Monday, 28 September 2015

Why Use Lightweight Running Shoes?

If you're a runner, you've probably experienced some kind of soreness, pain, or injury at some point. This is because your feet, heels, ankles, knees, calves, quads, and hamstrings are subjected to an incredible amount of pressure and strain when you run. For decades, so-called experts have told us that cushioned footwear is the best way to guard against such injuries. But now there is a decided movement towards "minimalist" or lightweight running shoes.

The merits of heavily cushioned versus lightweight running shoes is one of the biggest debates in the sport today. I personally believe that lightweight running shoes, ones that have almost a flat sole and mesh uppers with very little support throughout, are better for you than the models full of padding, gel, or "air". I am not basing this on any scientific research -- but that does exist if you want to check it out for yourself. Rather, my recommendation is based purely on personal experience.

I made the switch to lightweight running shoes after reading a book about how humans were basically meant to run barefoot. The argument the author made essentially went like this: when you run barefoot, you naturally land very lightly on the balls of your feet. This significantly reduces the impact on the lower part of your body. When you run in cushioned footwear, however, you're more likely to slap down with full force on every step. While a padded shoe can absorb some of the impact, there's still plenty of room for injury. Try it yourself and see how differently you move when barefoot.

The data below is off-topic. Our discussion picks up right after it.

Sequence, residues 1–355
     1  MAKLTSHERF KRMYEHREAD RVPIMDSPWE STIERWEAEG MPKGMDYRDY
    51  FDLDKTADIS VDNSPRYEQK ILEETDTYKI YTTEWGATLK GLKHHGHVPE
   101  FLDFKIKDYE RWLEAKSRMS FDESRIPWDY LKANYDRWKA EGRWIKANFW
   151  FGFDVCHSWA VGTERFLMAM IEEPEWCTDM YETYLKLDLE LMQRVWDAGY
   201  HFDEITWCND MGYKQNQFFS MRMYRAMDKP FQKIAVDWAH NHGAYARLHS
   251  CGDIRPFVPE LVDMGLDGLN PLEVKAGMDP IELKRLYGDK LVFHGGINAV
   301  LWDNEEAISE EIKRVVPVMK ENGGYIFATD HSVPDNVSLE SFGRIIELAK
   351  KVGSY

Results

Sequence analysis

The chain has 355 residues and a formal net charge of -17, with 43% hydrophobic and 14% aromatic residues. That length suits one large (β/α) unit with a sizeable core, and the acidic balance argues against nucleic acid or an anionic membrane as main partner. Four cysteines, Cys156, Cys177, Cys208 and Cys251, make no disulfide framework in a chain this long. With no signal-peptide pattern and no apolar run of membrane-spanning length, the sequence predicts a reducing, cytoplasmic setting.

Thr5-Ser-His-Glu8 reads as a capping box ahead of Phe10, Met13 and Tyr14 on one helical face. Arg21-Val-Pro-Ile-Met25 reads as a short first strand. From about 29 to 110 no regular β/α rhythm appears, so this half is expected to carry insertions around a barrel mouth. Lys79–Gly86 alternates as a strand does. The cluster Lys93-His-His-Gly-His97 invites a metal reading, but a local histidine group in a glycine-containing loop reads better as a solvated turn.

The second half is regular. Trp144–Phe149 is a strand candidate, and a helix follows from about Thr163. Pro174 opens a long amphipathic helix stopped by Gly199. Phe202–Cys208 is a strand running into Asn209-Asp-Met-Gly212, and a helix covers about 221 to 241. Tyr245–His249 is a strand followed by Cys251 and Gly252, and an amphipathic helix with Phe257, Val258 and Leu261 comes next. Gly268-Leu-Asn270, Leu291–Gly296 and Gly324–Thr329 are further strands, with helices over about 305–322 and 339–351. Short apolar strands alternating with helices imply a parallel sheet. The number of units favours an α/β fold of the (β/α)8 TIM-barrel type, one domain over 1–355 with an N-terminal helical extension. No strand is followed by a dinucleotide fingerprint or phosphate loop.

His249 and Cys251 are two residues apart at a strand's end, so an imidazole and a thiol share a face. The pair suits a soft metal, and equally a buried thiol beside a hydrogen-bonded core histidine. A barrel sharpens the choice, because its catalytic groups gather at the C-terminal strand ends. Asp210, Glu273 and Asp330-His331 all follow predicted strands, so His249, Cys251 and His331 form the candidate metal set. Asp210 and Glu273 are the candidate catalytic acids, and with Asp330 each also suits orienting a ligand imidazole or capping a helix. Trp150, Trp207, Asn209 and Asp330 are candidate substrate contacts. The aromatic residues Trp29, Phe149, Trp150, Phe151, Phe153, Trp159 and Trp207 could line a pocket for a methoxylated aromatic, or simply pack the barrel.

Unfortunately, going barefoot isn't a viable option for those of us that live in urban areas full of cement sidewalks and asphalt streets. The next best thing, then, is lightweight running shoes that don't interfere with the natural movements of your foot. When you know that your shoe isn't providing all that cushioning under your heel, you'll adjust your stride so that you land at mid-foot or on the balls of your feet rather than flat-footed. The result is a less jarring impact with each step, which can reduce injuries.

While I am fully on board with lightweight running shoes of the minimalist variety, I can see why others are still more comfortable with the cushioned models. After all, lightweight running shoes go against almost everything we've been taught. Advertising execs have helped spread the belief that we need heavily padded footwear, so a lot of us just take that view for granted. But data shows that there has been no decrease in the number of injuries reported by runners in the past few decades, which is odd since all that high-tech footwear is supposed to be providing extra protection.

If you'd like to make the switch to lightweight running shoes, I suggest that you do so very slowly. It will take your body time to adjust, so if you try to rush things, the results might be disastrous. Give them a try and see how they feel!

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